Fork And Run: The Definitive Guide To Getting Started With Multiprocessing

Since the early 2000s, the CPU industry has shifted from raw clock speed to core counts. Pat Gelsinger famously took the stage in 2002 and gave the talk the industry needed, stating processors needed specialty silicon or multiple cores to reduce power requirements and spread heat. A few years later, the Core series was introduced with two or four-core configurations to compete with the AMD Athlon 64 x2.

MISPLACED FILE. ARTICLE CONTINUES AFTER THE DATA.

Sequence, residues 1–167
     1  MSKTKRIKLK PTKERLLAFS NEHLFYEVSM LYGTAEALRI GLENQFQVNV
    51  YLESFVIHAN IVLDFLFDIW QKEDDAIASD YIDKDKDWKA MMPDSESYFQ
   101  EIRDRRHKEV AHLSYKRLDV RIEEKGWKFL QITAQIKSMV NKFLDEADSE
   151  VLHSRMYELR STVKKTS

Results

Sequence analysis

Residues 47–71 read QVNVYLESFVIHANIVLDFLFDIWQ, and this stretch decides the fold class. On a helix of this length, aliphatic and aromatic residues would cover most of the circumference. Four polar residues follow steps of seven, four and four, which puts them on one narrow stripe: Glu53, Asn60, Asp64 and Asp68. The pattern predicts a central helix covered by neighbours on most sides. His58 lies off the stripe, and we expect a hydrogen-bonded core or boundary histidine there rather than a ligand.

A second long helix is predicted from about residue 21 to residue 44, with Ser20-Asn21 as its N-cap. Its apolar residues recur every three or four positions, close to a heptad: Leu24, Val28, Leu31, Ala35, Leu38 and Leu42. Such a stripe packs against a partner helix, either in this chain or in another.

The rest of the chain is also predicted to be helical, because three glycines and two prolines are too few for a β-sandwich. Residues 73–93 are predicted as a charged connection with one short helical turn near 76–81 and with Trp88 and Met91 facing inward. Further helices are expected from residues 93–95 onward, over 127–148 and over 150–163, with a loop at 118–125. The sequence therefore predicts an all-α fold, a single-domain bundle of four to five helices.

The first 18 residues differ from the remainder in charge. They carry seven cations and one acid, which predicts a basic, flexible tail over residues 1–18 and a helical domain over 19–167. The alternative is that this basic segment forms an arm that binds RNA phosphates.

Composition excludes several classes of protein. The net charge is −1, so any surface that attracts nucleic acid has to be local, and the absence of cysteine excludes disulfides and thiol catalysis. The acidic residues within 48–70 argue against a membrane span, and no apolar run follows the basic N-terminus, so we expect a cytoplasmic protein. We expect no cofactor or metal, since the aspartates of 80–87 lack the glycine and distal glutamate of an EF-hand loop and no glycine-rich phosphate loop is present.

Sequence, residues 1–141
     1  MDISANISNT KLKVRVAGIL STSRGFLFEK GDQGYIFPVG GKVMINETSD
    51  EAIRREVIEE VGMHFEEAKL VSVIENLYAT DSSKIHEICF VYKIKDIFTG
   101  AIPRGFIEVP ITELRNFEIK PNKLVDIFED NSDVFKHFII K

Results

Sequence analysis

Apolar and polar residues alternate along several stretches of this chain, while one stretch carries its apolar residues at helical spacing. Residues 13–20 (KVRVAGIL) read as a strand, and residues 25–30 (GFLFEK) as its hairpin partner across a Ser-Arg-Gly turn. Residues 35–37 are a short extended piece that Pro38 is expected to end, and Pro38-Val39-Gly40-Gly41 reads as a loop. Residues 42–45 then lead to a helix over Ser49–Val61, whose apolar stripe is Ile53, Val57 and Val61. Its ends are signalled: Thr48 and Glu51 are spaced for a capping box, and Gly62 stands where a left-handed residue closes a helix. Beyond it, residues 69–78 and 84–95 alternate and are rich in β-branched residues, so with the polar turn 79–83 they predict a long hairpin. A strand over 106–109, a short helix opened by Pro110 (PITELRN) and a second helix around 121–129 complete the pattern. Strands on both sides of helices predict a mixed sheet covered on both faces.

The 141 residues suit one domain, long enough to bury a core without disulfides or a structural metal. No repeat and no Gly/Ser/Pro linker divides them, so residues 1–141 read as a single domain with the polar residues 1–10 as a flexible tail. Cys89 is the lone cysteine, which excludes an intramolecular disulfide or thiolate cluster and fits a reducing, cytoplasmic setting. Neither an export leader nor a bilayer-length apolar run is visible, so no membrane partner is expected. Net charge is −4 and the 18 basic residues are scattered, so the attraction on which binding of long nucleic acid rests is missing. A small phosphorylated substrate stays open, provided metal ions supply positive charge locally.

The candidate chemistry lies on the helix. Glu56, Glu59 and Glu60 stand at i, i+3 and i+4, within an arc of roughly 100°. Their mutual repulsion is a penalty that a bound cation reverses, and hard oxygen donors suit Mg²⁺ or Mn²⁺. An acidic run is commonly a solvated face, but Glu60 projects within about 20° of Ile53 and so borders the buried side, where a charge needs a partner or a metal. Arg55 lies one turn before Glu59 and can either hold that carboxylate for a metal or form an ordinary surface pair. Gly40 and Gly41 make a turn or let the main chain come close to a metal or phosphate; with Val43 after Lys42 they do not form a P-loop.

Nowadays, we’re seeing heterogeneous chip designs with big and little cores, chiplets, and other crazy fabrication techniques that are fundamentally the same concept: spread the thermal load across multiple pieces of silicon. This writer is willing to put good money into betting that you’ll see consumer desktop machines with 32 physical cores in less than five years. It might be hard to believe, but a 2013 Intel Haswell i7 came with just four cores compared to the twenty you’ll get in an i7 today. Even an ESP32 has two cores with support in FreeRTOS for pinning tasks to different cores. With so many cores, how to even write software for that? What’s the difference between processes and threads? How does this all work in straight vanilla C98?

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